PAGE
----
Governor Shaktikanta Das of the Reserve Bank of India (RBI) announced on 8th June 2022, that a unanimous decision for hiking the repo rate by 50 basis points was taken in the bi-monthly RBI Monetary Policy Committee. The new hike by RBI has raised the repo rate to 4.90 percent. It is the second hike in repo rate by RBI in the time frame of about one and a half months. Notably, the hike by RBI in repo rate is being viewed as an essential step to combat the inflation rate, which has been hovering around 6% for the past few months.
(Note: Repo rate is the rate at which RBI lends money to the commercial banks)
What effect will it have on commercial banks and people?
A rise in the repo rate by RBI will force the commercial banks to raise their lending rates which are linked to the repo rate. The existing borrowers of the bank who have EMIs (equated monthly instalments) will suffer a setback as the commercial banks are expected to revise the EMIs to a larger sum. Also, anyone who is looking to borrow money from the bank to purchase a house or vehicle will have to cope with a higher rate of interest on the loan. Personal loans will also see a hike in their interest rate.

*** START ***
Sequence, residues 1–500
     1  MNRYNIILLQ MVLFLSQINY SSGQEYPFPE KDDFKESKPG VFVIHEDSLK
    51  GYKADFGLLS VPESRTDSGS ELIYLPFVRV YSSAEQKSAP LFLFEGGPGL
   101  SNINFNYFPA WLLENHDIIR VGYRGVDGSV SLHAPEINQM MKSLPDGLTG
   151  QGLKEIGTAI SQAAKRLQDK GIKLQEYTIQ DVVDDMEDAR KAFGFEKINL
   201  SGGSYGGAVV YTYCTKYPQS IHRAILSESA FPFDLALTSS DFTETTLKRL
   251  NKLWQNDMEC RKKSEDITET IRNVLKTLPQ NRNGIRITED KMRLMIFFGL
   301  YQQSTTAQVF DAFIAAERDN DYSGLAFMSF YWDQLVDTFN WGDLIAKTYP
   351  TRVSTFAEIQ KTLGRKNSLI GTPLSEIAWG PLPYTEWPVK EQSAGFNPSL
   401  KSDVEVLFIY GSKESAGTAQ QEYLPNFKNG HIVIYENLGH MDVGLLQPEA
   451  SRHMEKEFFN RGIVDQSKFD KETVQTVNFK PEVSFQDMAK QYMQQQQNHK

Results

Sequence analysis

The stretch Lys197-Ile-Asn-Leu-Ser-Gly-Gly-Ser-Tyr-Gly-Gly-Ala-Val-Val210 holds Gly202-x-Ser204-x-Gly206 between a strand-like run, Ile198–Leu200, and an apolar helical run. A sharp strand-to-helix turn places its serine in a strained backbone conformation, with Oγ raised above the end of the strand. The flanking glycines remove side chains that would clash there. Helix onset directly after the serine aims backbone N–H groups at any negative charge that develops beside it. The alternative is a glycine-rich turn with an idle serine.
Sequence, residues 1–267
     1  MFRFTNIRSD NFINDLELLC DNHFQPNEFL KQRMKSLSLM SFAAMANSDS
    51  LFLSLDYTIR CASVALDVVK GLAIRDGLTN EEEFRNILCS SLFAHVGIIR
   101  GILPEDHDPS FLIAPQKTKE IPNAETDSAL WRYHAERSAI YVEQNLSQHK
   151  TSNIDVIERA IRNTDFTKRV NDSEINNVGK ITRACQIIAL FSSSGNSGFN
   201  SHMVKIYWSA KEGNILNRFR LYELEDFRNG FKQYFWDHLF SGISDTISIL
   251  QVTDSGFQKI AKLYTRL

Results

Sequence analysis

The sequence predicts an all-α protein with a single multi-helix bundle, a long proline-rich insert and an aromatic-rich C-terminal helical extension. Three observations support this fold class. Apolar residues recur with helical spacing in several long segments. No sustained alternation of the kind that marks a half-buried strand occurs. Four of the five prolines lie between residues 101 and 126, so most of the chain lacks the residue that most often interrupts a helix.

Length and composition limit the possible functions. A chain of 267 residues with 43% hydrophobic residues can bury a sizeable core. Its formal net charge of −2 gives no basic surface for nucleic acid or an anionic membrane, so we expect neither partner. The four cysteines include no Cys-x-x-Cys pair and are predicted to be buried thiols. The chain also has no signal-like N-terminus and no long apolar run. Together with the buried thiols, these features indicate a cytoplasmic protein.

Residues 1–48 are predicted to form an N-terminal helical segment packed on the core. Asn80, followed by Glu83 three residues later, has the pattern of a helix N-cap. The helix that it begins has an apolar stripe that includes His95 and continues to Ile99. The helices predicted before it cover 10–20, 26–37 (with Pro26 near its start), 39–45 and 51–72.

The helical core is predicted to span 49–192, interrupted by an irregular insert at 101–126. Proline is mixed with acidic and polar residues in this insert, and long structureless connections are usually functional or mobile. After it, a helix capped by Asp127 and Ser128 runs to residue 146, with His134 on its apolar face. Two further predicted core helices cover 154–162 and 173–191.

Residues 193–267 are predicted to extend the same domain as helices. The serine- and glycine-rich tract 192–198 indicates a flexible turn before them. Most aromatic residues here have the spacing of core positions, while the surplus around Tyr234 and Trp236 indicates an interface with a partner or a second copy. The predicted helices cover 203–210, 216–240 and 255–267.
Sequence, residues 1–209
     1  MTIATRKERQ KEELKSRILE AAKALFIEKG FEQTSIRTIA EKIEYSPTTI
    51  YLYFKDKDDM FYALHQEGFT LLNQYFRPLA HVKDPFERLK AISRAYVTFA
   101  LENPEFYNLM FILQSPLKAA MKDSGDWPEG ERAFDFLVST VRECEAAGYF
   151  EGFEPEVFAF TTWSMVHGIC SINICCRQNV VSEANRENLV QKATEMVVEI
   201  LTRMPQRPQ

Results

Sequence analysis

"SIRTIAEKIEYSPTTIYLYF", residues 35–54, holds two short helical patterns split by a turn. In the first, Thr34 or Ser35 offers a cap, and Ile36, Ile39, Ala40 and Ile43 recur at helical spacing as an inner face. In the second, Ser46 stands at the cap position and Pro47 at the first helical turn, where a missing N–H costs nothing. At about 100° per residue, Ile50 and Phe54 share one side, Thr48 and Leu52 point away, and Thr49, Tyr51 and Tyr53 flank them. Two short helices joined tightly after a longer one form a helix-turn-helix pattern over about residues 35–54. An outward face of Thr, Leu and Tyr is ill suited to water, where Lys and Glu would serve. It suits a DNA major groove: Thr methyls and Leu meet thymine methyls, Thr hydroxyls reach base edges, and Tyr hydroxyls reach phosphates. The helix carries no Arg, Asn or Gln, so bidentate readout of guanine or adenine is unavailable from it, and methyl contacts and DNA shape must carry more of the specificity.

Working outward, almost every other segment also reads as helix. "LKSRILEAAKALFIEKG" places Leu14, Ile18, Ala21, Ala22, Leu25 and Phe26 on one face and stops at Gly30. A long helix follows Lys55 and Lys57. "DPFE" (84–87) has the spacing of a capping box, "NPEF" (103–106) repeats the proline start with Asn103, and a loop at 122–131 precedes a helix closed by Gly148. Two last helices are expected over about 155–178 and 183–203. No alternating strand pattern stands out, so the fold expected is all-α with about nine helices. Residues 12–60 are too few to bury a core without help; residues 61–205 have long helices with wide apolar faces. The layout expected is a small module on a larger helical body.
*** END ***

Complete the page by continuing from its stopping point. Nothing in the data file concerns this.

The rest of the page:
Ultimately the repo rate is hiked to reduce the money supply in the market and, in turn, reduce the purchasing power of people to ensure that the inflation rate does not go over the top in the country. During the pandemic, RBI reduced the repo rate by 115 basis points in two revisions to ensure that the country did not experience a lack of purchasing power and that the money supply in the market balance out the effects of the pandemic. However, the move is now proving to be a headache for the central bank as the world is going back to its normal pace.
A further rise of 35 basis points is expected in August 2022 to bring the repo rate to the pre-pandemic level in India. This means that the commercial banks will also hike their interest rates of loans and EMIs again in August. Moreover, RBI may look to increase the repo rate to almost 5.65% by the end of this financial year to bring the inflation rate below 6% in India.
The effect of Repo rate on GDP:
RBI has retained most of its Gross Domestic Product forecasts for this year and predicts an overall growth of 7.2% in the country. However, governor Shaktikanta Das has said that the global financial crisis, continued price hikes and several other factors might have an adverse effect on the growth rate predicted by the RBI. The outlook for this year does not seem too bright.